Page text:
A DNA methylation biomarker of alcohol consumption.
Molecular psychiatry 2016 ; 23: 422-433.
Liu C, Marioni RE, Hedman ÅK, Pfeiffer L, Tsai PC, Reynolds LM, Just AC, Duan Q, Boer CG, Tanaka T, Elks CE, Aslibekyan S, Brody JA, Kühnel B, Herder C, Almli LM, Zhi D, Wang Y, Huan T, Yao C, Mendelson MM, Joehanes R, Liang L, Love SA, Guan W, Shah S, McRae AF, Kretschmer A, Prokisch H, Strauch K, Peters A, Visscher PM, Wray NR, Guo X, Wiggins KL, Smith AK, Binder EB, Ressler KJ, Irvin MR, Absher DM, Hernandez D, Ferrucci L, Bandinelli S, Lohman K, Ding J, Trevisi L, Gustafsson S, Sandling JH, Stolk L, Uitterlinden AG, Yet I, Castillo-Fernandez JE, Spector TD, Schwartz JD, Vokonas P, Lind L, Li Y, Fornage M, Arnett DK, Wareham NJ, Sotoodehnia N, Ong KK, van Meurs JBJ, Conneely KN, Baccarelli AA, Deary IJ, Bell JT, North KE, Liu Y, Waldenberger M, London SJ, Ingelsson E, and Levy D
DOI : 10.1038/mp.2016.192
PubMed ID : 27843151
PMCID : PMC5575985
URL : https://idp.nature.com/authorize?response_type=cookie&client_id=grover&redirect_uri=https%3A%2F%2Fwww.nature.com%2Farticles%2Fmp2016192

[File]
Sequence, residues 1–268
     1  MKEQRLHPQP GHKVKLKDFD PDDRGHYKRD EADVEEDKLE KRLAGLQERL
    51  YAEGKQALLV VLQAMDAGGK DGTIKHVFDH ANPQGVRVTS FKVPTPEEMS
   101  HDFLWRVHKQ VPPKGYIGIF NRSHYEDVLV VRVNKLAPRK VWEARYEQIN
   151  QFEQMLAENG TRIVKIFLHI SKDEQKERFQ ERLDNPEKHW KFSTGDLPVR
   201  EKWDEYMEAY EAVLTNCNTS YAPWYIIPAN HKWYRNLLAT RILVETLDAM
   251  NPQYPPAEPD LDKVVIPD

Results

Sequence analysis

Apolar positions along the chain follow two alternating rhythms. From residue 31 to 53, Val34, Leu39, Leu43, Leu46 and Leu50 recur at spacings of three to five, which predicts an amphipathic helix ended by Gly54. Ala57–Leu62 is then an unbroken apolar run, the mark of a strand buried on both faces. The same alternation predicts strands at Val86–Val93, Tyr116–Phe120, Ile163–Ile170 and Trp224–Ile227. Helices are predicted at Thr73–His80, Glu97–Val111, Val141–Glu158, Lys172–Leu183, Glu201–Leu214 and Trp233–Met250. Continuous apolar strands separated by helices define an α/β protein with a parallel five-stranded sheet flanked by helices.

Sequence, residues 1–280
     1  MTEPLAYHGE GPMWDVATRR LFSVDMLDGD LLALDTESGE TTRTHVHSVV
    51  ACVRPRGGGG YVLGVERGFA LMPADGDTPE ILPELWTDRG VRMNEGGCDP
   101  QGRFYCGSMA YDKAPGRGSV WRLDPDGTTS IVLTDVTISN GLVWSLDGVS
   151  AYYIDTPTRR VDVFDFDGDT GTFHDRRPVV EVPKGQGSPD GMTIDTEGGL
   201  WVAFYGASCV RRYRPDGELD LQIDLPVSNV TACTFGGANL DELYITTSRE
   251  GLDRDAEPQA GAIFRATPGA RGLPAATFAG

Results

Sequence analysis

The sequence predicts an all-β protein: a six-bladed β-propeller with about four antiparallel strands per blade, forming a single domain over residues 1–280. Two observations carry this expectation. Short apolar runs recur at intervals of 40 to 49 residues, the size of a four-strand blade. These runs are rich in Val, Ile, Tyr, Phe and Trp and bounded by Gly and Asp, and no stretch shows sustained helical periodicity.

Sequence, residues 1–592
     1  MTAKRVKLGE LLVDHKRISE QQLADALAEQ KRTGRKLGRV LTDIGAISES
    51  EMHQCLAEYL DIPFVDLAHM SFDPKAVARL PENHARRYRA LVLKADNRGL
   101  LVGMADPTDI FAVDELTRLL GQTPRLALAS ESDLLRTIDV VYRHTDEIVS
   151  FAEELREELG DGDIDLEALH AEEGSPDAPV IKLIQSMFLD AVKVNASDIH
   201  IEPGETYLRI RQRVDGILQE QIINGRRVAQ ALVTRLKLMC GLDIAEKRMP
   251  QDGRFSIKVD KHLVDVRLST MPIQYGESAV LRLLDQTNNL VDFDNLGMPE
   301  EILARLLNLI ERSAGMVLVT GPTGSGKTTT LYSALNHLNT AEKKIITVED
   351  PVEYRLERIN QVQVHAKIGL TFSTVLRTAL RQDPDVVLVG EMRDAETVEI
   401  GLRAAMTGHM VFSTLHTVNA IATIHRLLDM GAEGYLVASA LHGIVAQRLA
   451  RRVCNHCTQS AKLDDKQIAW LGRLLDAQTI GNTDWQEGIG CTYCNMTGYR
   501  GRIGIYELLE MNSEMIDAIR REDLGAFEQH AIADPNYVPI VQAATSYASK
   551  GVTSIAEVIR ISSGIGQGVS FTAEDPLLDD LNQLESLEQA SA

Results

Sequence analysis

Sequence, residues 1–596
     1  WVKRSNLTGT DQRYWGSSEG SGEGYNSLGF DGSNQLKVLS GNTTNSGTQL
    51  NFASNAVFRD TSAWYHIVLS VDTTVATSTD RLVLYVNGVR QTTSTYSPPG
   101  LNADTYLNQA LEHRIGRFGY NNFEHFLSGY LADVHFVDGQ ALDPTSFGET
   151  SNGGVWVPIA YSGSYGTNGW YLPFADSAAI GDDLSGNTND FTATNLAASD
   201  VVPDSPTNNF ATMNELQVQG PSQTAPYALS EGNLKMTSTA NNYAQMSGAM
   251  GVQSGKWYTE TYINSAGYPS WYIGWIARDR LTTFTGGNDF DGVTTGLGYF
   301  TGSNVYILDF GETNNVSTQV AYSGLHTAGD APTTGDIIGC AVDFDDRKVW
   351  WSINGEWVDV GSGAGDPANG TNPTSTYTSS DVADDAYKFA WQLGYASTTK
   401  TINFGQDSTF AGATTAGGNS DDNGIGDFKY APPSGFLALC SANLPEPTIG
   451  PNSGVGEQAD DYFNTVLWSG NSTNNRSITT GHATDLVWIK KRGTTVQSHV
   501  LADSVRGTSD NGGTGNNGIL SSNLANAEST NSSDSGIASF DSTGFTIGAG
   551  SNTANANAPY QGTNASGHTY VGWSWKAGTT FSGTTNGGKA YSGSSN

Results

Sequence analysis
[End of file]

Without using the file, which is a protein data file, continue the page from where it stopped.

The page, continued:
The lack of reliable measures of alcohol intake is a major obstacle to the diagnosis and treatment of alcohol-related diseases. Epigenetic modifications such as DNA methylation may provide novel biomarkers of alcohol use. To examine this possibility, we performed an epigenome-wide association study of methylation of cytosine-phosphate-guanine dinucleotide (CpG) sites in relation to alcohol intake in 13 population-based cohorts (n=13 317; 54% women; mean age across cohorts 42-76 years) using whole blood (9643 European and 2423 African ancestries) or monocyte-derived DNA (588 European, 263 African and 400 Hispanic ancestry) samples. We performed meta-analysis and variable selection in whole-blood samples of people of European ancestry (n=6926) and identified 144 CpGs that provided substantial discrimination (area under the curve=0.90-0.99) for current heavy alcohol intake (⩾42 g per day in men and ⩾28 g per day in women) in four replication cohorts. The ancestry-stratified meta-analysis in whole blood identified 328 (9643 European ancestry samples) and 165 (2423 African ancestry samples) alcohol-related CpGs at Bonferroni-adjusted P<1 × 10. Analysis of the monocyte-derived DNA (n=1251) identified 62 alcohol-related CpGs at P<1 × 10. In whole-blood samples of people of European ancestry, we detected differential methylation in two neurotransmitter receptor genes, the γ-Aminobutyric acid-A receptor delta and γ-aminobutyric acid B receptor subunit 1; their differential methylation was associated with expression levels of a number of genes involved in immune function. In conclusion, we have identified a robust alcohol-related DNA methylation signature and shown the potential utility of DNA methylation as a clinically useful diagnostic test to detect current heavy alcohol consumption.